|Office of the Attorney General - State of Texas
April 19, 2000
Mr. Brett Bray
Dear Mr. Bray:
You ask whether certain information is subject to required public disclosure under chapter 552 of the Government Code. Your request was assigned ID# 134751.
The Texas Department of Transportation (the "department") received a request from the Texas Department of Public Safety for investigative purposes. Specifically, the requestor seeks information regarding the owners and the dealership of one specific company, as well as "any owner information" regarding a second company. You claim that a portion of the requested information is excepted from disclosure under section 52.251 of the Occupations Code. We have considered the exception you claim and reviewed the submitted information.
Section 552.301 of the Government Code dictates the procedure that a governmental body must follow if it wishes to ask the attorney general for a decision determining whether requested information falls within an exception to disclosure. Among other requirements, the governmental body, "no later than the 15th business day after the date of receiving the written request," must submit to the attorney general "a copy of the specific information requested, or submit representative samples of the information if a voluminous amount of information was requested." Gov't Code § 552.301(e)(1)(D). If the governmental body fails to do this, the requested information "is presumed to be subject to required public disclosure and must be released unless there is a compelling reason to withhold the information." Gov't Code § 552.302.
You state that the department received the request for information on February 15, 2000. Accordingly, the department's deadline for submitting a copy of the requested information,
or a representative sample thereof, expired fifteen business days later. See Gov't Code § 552.301(e)(1)(D). However, as of the date of this letter, the department has only submitted a redacted copy of the information. Therefore, the city has missed its fifteen-day deadline as prescribed by section 552.301. Consequently, absent a compelling reason to withhold the requested information, the information must be released.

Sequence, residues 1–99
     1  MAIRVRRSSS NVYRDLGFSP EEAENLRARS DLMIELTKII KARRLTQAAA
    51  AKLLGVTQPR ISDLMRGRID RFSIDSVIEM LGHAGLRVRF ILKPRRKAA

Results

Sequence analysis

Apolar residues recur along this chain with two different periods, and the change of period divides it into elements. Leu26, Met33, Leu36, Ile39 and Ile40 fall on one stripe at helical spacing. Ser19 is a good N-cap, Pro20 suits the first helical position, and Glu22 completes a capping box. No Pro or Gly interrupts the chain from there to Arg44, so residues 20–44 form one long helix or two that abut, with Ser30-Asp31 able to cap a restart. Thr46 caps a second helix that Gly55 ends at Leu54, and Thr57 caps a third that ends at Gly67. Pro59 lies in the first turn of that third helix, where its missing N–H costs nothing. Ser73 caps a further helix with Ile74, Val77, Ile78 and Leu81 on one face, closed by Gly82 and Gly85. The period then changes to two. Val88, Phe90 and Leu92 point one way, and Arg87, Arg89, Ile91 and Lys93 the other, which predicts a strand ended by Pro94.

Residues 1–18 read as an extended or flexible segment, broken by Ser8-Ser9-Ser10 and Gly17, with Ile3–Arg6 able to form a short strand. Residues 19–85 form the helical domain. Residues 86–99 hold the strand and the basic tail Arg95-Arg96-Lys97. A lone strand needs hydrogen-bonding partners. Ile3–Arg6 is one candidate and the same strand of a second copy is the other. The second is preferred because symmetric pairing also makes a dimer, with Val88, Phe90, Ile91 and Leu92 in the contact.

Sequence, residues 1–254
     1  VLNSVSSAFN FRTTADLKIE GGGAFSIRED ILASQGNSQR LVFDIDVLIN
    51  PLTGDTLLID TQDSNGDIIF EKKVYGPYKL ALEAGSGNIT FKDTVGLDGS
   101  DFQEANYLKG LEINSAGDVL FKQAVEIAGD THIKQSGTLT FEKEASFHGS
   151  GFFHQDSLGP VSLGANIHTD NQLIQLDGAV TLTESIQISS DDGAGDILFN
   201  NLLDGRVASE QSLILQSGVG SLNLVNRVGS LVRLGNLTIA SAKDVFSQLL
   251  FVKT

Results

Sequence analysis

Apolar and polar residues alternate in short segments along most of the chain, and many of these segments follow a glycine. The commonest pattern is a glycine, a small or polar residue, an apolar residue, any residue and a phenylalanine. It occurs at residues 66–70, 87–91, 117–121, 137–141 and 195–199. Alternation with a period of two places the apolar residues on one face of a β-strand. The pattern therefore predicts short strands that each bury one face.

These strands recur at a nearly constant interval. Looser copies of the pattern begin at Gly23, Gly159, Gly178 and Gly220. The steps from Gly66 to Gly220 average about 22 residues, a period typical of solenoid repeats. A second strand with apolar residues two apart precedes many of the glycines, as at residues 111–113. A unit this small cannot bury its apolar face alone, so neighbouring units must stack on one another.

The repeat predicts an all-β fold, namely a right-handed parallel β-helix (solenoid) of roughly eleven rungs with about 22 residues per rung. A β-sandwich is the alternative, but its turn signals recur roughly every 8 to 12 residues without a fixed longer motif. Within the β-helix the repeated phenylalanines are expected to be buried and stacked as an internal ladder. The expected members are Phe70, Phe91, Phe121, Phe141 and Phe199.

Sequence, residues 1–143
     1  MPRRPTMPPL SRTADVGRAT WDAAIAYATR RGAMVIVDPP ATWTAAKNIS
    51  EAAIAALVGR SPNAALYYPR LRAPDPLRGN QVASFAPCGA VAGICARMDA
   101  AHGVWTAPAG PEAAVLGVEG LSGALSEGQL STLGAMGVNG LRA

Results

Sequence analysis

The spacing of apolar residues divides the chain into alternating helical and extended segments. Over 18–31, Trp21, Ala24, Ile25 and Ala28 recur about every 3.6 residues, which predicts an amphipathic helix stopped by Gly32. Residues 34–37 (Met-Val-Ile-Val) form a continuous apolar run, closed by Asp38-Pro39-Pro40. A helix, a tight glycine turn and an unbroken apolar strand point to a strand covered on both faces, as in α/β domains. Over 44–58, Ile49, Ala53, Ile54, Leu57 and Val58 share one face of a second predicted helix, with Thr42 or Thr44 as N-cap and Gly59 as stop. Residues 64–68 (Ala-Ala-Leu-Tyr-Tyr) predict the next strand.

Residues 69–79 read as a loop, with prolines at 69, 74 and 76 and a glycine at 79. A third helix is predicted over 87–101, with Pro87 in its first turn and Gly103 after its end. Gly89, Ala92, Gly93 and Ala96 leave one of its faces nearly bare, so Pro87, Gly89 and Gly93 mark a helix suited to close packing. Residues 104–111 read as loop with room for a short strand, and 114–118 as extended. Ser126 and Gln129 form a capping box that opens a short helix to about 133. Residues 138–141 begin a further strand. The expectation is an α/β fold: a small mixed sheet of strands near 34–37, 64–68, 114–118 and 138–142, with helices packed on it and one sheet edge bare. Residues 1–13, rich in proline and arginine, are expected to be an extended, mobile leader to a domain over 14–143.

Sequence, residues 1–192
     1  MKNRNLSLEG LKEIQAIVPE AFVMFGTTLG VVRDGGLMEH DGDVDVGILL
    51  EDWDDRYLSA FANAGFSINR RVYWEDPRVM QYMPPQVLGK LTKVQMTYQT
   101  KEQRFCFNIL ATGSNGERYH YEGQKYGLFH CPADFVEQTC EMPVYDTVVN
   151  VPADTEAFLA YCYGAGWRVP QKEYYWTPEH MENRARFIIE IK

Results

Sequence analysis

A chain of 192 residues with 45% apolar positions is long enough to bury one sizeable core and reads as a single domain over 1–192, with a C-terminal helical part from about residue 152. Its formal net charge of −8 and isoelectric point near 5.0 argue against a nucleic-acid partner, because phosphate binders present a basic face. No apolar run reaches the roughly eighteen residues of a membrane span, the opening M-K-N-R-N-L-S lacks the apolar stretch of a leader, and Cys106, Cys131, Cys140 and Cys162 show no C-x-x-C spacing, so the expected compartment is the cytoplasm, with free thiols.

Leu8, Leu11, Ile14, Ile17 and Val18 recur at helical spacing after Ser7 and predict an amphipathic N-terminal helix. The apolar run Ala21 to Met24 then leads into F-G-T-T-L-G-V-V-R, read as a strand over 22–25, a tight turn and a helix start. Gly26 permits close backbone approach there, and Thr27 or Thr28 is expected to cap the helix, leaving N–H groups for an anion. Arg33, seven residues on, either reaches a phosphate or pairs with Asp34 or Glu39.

You argue that portions of the requested information are confidential under section 552.101 in conjunction with section 52.251 of the Occupations Code. This office has held that a compelling reason exists to withhold information when the information is confidential by another source of law. See Open Records Decision No. 150 (1977) (presumption of openness overcome by a showing that the information is made confidential by another source of law or affects third party interests). Accordingly, we will consider the department's argument for withholding portions of the requested information.
Section 552.101 of the Government Code excepts from disclosure "information considered to be confidential by law, either constitutional, statutory, or by judicial decision." Accordingly, section 552.101 encompasses confidentiality provisions such as section 52.251 of the Occupations Code. The relevant footnote to that statute reads:
[t]he social security number of an applicant for or holder of a license, certificate of registration, or other legal authorization issued by a licensing agency to practice in a specified occupation or profession that is provided to the licensing agency is confidential and is not subject to disclosure under the open records law.
Occupations Code § 51.251. The social security numbers at issue here appear on application materials for licenses issued by the department. The licenses would authorize the applicants to maintain a trailer/semitrailer dealership. Accordingly, we find that the social security numbers fall under section 52.251 as encompassed by section 552.101.